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The 10 Worst Movies Of 2017


Queen of the Desert

2017 has had a strong batting average of movies, from the social satire horror of Get Out to the western superhero epic Logan to the uniquely original heist picture Baby Driver. But when the bad movies came, oh, did they sting. Take a look at AboutHer’s list of the 10 worst movies of the year.

1. The Emoji Movie

The 1980s cartoons that were shameless toy commercials have nothing on The Emoji Movie, one of the worst examples of a commercial tie-in in recent memories. Not only is the story uninspired about a sentient emoji going on an adventure, but the director and writers seem to be completely clueless about how technology functions for the film’s many so-called gags. The talking piece of poop voiced by Patrick Stewart is the least of this film’s problems.

2. Transformers: The Last Knight

Michael Bay keeps the terrible Transformers tradition alive and well with the fifth installment. The story follows multiple plot lines of the transforming robots that go nowhere with the most random and juvenile of humor. There’s a giant Transformer living in the Earth, Cybertron is coming to invade the planet, transformers are being hunted by a new military force, Mark Wahlberg is hiding the good transformers, the government hires the bad transformers to hunt the good transformers and a secret order of knights reveal the secret history of the transformers dating back to King Arthur times. All of this is delivered in one of the most incoherent, annoying and excessively loud productions of unresolved plotlines and meaningless action. More noisy junk from the noisy junk master.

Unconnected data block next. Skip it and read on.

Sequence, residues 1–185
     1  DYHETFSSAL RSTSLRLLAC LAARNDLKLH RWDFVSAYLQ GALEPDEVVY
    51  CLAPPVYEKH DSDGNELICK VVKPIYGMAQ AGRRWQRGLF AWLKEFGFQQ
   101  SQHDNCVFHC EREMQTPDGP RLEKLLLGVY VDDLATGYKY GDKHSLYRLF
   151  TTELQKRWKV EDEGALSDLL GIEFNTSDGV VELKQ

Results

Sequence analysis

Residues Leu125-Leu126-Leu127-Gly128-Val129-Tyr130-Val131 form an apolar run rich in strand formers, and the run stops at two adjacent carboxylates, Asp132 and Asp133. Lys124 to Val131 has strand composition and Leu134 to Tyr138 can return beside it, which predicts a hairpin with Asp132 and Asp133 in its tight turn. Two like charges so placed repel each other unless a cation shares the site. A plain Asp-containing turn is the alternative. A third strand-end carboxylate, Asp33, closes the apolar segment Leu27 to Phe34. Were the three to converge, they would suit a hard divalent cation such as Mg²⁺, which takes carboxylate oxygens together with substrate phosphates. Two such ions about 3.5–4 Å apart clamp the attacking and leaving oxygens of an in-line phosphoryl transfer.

3. Diary of a Wimpy Kid: The Long Haul

I usually expect kids movies to be a little less intelligent and a little more gross, but never to this degree. This is an insultingly bad road trip movie about one kid trying to revert a family trip to his grandma’s house to attend a video game convention and clear his viral name as the kid who stuck his hands in a poopy diaper. Every single road trip gag of the highest cliche is telegraphed in bold presentations of horrible dialogue and even worse acting. I couldn’t decide what was more excruciating: Alicia Silverstone horribly singing a Spice Girls song in full (twice!) or Charlie Wright vomiting up fried butter on a carnival ride where the puke hurdles towards the audience. Thank goodness this movie wasn’t in 3D.

4. Fist Fight

Charlie Day plays a nice enough teacher who finds himself being insulted, beaten, accused of crimes and targeted by fellow teacher Ice Cube for a fight after school. This is not only the meanest comedy of the year, where it seems as though everyone in this town wants the innocent Charlie dead, but also the most vile for its phony moral message about how a fist fight after school will help Charlie regain his dignity and save the school’s budget. I don’t know what planet this movie takes place on, but it’s certainly not Earth.

5. Wish Upon

Teenager Clare discovers a Chinese box that will grant her seven wishes at the cost of the lives of people around her. When all the wishes are made, her soul will be taken to hell. Even when Clare finally learns all of these rules, she still continues to make them out of her selfish nature that we’re apparently supposed to identify with. Shot with telegraphed deaths and some of the worst dialogue ever written for teenage actors, Wish Upon is a bafflingly bad horror film, especially in an uncomfortably awkward scene where Shannon Purser makes dreamy eyes at Ryan Phillippe playing a saxophone.